At a time when border control is more stringent than ever and immigration laws are becoming more onerous, the Prime Minister, Boris Johnson, has announced a significant pledge to improve family reunion rights for the people of Northern Ireland. In the New Decade, New Approach agreement, the Prime Minister addressed the commitment to restore the power sharing executive in Northern Ireland and acknowledges the “birthright of all the people of Northern Ireland to identify themselves and be accepted as Irish or British, or both, as they may so choose”.
The text of the agreement confirmed that:
“The Government has reviewed the consistency of its family migrant arrangements, taking into account the letter and spirit of the Belfast Agreement and recognizing that the policy should not create incentives for renunciation of British citizenship by those citizens who may wish to retain it.
The Government will change the rules governing how the people of Northern Ireland bring their family members to the UK. This change will mean that eligible family members of the people of Northern Ireland will be able to apply for UK immigration status on broadly the same terms as the family members of Irish citizens in the UK.
This immigration status will be available to the family members of all the people of Northern Ireland, no matter whether they hold British or Irish citizenship or both, no matter how they identify”.
So what does this mean for family members of Northern Irish people, and how does the UK Government’s new stance differ from its previous policy?
Since 2012, there has been an obligation for British nationals to meet a minimum income threshold in order to bring their non-European family members to the UK. The financial requirement obliges the British national sponsor to evidence an annual income of at least £18,600 in order for their spouse (or civil partner, unmarried partner, or fiancé(e)) to satisfy the Immigration Rules. For any additional children that are included in the application, the level of income required increases accordingly. Additionally, applicants under this route are required to pay a Home Office application fee and a mandatory Immigration Health Surcharge.
In contrast, the Immigration (European Economic Area) Regulations 2016 (“the EEA Regulations”) do not impose any minimum income or financial requirement on EU nationals or their family members who seek to reside in the UK.
The financial discrepancies between the Immigration Rules and the EEA Regulations have far-reaching implications for people who hold dual British and European nationality, and who would naturally seek to benefit from the more generous provisions of the EEA Regulations. This has particularly affected the people of Northern Ireland, many of whom identify as both British and Irish nationals.
In response to this, it was held in the case of McCarthy that dual nationals living in a country of their nationality, and who had not previously exercised Treaty Rights, could not rely on EU family reunion rights. Effectively, dual EU/British nationals are treated solely as British and have to apply for family reunion under the Immigration Rules, unless they had previously exercised Treaty Rights in the UK as European nationals. The effect of this judgment particularly impacted Northern Irish people who have not been able to rely on their Irish citizenship to sponsor family members. The only available solution for many Northern Irish people, therefore, has been to renounce their British citizenship.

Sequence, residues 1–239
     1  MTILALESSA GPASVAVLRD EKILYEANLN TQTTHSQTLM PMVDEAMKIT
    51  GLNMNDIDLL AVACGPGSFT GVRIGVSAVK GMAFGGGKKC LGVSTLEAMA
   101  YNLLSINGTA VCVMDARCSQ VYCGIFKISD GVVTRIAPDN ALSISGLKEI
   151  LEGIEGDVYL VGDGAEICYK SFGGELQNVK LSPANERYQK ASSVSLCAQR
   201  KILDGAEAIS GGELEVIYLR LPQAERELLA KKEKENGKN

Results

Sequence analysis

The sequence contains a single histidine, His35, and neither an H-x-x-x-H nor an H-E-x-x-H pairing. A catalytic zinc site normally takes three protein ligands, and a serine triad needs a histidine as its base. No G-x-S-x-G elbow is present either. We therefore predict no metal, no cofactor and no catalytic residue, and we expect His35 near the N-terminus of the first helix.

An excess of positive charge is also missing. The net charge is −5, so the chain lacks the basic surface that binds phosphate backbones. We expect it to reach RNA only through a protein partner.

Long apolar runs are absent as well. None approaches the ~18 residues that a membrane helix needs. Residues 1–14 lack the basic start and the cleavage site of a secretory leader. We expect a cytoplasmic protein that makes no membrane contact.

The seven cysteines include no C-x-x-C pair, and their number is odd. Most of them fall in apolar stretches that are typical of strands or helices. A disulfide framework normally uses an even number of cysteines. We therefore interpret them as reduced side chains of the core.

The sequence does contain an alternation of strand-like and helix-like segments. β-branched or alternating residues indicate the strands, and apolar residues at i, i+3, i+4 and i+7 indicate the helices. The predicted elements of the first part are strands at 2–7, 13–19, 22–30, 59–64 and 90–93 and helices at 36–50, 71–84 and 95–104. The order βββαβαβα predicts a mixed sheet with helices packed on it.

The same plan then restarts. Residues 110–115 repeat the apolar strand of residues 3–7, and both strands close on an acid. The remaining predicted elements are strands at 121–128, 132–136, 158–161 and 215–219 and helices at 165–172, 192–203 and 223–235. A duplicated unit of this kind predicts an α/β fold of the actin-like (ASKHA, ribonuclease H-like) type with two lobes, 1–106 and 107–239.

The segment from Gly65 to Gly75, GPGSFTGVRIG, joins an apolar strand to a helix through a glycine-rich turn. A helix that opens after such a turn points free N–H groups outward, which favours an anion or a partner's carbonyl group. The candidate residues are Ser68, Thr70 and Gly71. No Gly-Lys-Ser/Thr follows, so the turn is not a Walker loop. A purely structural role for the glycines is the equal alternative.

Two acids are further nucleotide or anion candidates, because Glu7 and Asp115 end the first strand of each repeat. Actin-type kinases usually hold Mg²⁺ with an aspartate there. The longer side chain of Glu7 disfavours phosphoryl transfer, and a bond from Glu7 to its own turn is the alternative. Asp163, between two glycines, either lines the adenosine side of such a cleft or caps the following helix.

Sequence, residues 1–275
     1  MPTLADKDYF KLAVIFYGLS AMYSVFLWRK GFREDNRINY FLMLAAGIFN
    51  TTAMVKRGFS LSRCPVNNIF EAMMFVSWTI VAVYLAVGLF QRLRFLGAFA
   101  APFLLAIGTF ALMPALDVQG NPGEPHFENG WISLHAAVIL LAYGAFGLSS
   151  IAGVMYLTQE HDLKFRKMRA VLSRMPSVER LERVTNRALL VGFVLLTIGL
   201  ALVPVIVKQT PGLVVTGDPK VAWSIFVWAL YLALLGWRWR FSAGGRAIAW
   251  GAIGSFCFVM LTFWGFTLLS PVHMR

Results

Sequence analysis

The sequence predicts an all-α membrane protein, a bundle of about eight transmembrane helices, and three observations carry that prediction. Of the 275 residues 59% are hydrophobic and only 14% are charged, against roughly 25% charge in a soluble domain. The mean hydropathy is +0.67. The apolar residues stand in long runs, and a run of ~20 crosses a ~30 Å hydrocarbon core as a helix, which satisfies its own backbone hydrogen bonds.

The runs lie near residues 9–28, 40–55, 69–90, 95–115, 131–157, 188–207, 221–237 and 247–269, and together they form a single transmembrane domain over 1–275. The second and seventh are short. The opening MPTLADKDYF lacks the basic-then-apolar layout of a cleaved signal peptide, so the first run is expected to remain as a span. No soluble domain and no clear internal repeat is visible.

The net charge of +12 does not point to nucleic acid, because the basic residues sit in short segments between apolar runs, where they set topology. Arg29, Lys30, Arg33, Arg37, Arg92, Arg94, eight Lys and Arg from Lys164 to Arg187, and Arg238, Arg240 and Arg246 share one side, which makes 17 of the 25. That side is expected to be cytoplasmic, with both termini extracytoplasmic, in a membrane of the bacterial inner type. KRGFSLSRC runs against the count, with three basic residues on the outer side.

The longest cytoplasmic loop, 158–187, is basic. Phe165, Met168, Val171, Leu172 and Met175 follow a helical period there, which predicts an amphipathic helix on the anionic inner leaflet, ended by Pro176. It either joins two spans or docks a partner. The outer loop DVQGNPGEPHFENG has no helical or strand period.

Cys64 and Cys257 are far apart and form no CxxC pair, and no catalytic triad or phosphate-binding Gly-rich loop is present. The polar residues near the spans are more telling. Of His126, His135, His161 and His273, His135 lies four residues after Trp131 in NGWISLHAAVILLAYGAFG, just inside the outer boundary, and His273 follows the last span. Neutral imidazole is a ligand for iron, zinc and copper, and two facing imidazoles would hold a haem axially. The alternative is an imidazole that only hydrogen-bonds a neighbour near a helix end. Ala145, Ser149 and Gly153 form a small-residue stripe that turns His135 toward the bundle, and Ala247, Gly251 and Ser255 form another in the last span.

The UK Government’s family reunion concession therefore comes as a victory for the people of Northern Ireland and their family members, who will now be able to apply for immigration status in the UK under the EU Settlement Scheme, without having to renounce their British citizenship. The changes will take effect on 24 August 2020 and will apply to any British citizen, Irish citizen, or dual British-Irish citizen who was born in Northern Ireland. The proposed changes will also apply to any qualifying Northern Irish person who is presently living in England, Scotland or Wales.
Whilst the family reunion concession does present some relief for people of Northern Ireland, the delay in its implementation poses important questions regarding the status of those family members whose current leave to remain will expire before 24 August 2020. If you are in this situation, please do not hesitate to contact us for further information.
The EU Settlement Scheme is open to all EU nationals and their family members who are residing the UK before 31 December 2020. All qualifying applicants must register on the scheme before 30 June 2021, or must alternatively apply under a specified immigration route in the same way as non-EU migrants.
Gherson has extensive experience with EU Settlement Scheme, EEA registration and permanent residence applications, and family reunion applications under the Immigration Rules. Should you require any assistance or advice with regards to an application under any of these routes, please do not hesitate to contact us.
The information in this blog is for general information purposes only and does not purport to be comprehensive or to provide legal advice. Whilst every effort is made to ensure the information and law is current as of the date of publication it should be stressed that, due to the passage of time, this does not necessarily reflect the present legal position. Gherson accepts no responsibility for loss which may arise from accessing or reliance on information contained in this blog. For formal advice on the current law please don’t hesitate to contact Gherson. Legal advice is only provided pursuant to a written agreement, identified as such, and signed by the client and by or on behalf of Gherson.
Immigration Consultant and Trainee Solicitor in our Private Client department